Drug Cartels’ Encrypted Communications

March 16, 2018 Crime , Opinion , OPINION/NEWS , OTHER , Technology

AFP photo

 

By

Ricardo Swire

 

 

Transnational drug cartels successfully distribute and transport consignments globally utilizing ultra-secret communications technology. Many hours are spent secretly discussing shipment quantities and price, therefore a coded system that correlates with numbers was introduced. Command, Communications and Control are key elements of the enterprising and fluid system. Over time national security agencies and law enforcement infiltrated private phone companies that specifically supply drug cartels and criminal organizations with unique encrypted mobile phones.

 

In 2014 thirty-four Dutch law enforcement investigations, which included attempted assassinations and international drugs trafficking cases, involved the use of encrypted phones provided by PGP Sure, a private telecommunications company. Each €1200 mobile handset provided criminal elements with the “Highest Grade Encryption.” In 2017 Politie or national Dutch police force officers arrested three PGP Sure executives in Amsterdam. Previously in April 2013 Politie detectives detained the Ennetcom Encrypted Network’s Chief Executive Officer.

 

The Netherlands’ largest organized crime communications platform used BlackBerry Enterprise Servers to offer encrypted and secure digital channels to contract killers, drug traffickers and organized crime characters. The modified mobile phones sold for €1500 each. In 2014 the murder of a Hells Angel biker in Australia was linked to encrypted handsets, provided by private encryption company called Phantom Secure. In 2016 US Federal Bureau of Investigations (FBI) special agents, partnering with Canadian counterparts, seized an encrypted BlackBerry from Phantom Securer’s headquarters in Vancouver, Canada.

 

The encryption Company supplied shadowy customers with BlackBerry phones minus cameras, microphones and standard internet text messaging features. Instead specially encrypted, pre-loaded email software was users’ provided alternatives. One drug trafficker, charged with aiding and abetting, used his Phantom Secure device to coordinate a five kilo cocaine deal. On March 8, 2018 the founder of Phantom Secure, or Phantom Security Communications, was arrested in Washington, US.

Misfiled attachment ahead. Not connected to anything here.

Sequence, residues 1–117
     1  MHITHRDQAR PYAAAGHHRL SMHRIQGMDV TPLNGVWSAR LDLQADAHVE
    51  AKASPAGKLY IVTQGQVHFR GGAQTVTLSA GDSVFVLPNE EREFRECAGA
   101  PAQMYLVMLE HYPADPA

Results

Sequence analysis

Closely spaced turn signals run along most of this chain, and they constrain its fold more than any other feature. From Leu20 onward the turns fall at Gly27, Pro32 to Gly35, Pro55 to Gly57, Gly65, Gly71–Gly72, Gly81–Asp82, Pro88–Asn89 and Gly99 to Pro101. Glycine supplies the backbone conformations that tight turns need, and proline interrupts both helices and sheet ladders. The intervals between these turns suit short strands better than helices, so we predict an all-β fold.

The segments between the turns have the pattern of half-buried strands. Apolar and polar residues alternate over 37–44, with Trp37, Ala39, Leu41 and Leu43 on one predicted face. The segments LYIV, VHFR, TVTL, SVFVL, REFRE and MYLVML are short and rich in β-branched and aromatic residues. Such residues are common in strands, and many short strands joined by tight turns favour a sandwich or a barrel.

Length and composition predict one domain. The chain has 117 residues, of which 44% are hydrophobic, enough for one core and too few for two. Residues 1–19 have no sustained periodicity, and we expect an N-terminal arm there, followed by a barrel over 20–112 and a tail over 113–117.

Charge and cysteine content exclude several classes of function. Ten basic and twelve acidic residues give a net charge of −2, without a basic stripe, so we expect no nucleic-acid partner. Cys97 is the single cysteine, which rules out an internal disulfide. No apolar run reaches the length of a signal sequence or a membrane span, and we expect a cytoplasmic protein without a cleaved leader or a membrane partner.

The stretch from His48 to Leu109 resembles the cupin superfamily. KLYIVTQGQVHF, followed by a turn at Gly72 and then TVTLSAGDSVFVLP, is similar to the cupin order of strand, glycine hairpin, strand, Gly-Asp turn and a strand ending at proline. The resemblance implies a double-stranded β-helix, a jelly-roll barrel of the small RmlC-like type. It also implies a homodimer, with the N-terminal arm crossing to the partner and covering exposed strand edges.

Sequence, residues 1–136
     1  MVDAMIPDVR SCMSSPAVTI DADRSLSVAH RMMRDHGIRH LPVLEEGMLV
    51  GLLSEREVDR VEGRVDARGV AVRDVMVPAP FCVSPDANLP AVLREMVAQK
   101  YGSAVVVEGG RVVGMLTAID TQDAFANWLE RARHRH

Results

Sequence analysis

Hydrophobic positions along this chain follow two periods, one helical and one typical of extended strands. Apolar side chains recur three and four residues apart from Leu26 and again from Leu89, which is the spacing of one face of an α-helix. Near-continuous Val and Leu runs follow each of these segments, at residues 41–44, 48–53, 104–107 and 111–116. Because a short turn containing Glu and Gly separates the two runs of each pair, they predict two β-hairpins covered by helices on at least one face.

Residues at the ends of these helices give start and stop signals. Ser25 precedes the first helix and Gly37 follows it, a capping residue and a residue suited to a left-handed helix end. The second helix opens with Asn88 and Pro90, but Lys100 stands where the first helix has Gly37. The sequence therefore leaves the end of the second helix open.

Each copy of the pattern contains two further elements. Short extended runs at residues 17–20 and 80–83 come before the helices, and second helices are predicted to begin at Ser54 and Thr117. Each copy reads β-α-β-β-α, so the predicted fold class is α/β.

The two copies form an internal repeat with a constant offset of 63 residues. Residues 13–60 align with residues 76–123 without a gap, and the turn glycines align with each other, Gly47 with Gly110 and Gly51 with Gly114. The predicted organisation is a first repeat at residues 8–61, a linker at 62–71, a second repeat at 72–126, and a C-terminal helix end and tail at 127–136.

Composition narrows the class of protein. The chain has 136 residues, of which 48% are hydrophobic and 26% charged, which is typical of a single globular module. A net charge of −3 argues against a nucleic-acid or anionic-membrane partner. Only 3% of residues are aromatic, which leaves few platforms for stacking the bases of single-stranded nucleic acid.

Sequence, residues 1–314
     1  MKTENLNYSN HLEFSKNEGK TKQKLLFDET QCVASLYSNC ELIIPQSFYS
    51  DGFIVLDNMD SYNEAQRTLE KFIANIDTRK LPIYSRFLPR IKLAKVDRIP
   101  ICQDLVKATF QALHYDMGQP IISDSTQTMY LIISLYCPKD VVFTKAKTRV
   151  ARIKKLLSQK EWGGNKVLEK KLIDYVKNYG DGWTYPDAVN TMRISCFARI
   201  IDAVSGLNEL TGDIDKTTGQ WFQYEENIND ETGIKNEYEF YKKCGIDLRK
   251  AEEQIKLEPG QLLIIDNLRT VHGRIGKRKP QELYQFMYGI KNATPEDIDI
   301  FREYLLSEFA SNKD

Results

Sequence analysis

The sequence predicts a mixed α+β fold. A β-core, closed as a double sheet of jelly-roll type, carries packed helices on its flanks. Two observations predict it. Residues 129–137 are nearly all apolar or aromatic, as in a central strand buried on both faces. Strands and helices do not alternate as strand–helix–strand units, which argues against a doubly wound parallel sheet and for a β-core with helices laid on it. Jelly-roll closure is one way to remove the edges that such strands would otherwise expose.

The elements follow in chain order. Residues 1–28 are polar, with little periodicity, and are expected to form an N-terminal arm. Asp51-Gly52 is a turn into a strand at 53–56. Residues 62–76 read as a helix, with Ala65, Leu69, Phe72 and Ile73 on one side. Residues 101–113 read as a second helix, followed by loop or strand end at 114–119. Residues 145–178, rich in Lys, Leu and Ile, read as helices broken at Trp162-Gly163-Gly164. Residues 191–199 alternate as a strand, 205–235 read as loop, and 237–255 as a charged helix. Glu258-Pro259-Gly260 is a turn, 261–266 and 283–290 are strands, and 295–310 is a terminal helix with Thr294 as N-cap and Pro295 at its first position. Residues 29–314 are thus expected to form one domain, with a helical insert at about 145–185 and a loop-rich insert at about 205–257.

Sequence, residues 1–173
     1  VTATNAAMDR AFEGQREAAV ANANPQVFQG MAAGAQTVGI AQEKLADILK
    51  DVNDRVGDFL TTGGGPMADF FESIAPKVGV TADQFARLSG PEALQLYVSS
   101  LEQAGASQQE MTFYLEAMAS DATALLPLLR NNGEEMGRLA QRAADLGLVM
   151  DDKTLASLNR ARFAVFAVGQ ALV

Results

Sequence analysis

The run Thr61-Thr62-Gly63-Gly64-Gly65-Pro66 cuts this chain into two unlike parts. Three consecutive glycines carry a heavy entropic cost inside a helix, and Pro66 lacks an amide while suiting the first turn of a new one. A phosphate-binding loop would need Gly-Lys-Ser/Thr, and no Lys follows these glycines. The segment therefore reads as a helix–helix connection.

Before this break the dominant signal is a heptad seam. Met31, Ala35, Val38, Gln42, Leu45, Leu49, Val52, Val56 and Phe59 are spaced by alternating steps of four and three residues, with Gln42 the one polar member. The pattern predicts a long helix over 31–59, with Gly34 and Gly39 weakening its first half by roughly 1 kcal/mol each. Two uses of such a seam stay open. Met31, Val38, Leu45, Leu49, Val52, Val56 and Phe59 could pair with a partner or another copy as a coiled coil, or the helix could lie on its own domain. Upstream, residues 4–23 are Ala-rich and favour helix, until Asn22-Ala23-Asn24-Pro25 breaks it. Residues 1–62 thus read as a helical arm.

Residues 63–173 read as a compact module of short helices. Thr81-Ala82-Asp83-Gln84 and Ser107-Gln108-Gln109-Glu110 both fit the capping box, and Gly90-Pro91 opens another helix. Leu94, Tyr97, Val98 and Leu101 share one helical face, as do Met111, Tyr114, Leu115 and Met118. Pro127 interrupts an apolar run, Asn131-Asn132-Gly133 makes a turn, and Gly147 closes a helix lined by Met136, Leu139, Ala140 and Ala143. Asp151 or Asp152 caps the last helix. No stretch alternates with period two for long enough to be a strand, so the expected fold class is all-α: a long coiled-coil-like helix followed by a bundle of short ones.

FBI agents charged that the Company used its uniquely configured networks to deliberately prevent law enforcement interception and monitoring. Phantom Secure encrypted mobile handsets were provided to several sophisticated organized crime organizations including Mexico’s Sinaloa Cartel. The FBI’s allegation is collaborated by a former Mexican military expert on narcotics. The internal security veteran recalled Mexican military counter-narcotics operations that dismantled private communications centers, towers and repeaters used by “Narcos” based in Coahuila, San Luis Potosi, Tamaulipas and Veracruz.

 

Between 2008 and 2012 thirty-six civilian communications specialists disappeared in Mexico without a trace or ransom request. In 2009 alone nine contracted Nextel cell-tower technicians vanished from border town Nuevo Laredo in the state of Tamaulipas. The kidnappers returned to collect and remove the team’s equipment and vehicle. In January 2011 an IBM engineer was kidnapped while driving from Monterrey, the capital and largest city of north-eastern state Nuevo León, to Laredo in Texas.

 

On October 30, 2011 the Mexican Army seized twenty-one antennas, twenty-two repeaters, eighteen duplex components and other communications equipment used by drug cartels headquartered in Reynosa, Tamaulipas. The Gulf Cartel owns an extensive array of antennas, repeaters and digital components that traffickers from both Gulf Cartel and Los Zetas utilize along Mexico’s side of the Texas/Mexico border. The private and secret communications network umbrellas the northwest district Ciudad Acuna across from Del Rio in Texas and Veracruz southeast of Texas, or almost halfway to the Yucatan peninsula.

 

 

 

 

Ricardo Swire - Tuck Magazine

Ricardo Swire

Ricardo Swire is the Principal Consultant at R-L-H Security Consultants & Business Support Services and writes on a number of important issues.

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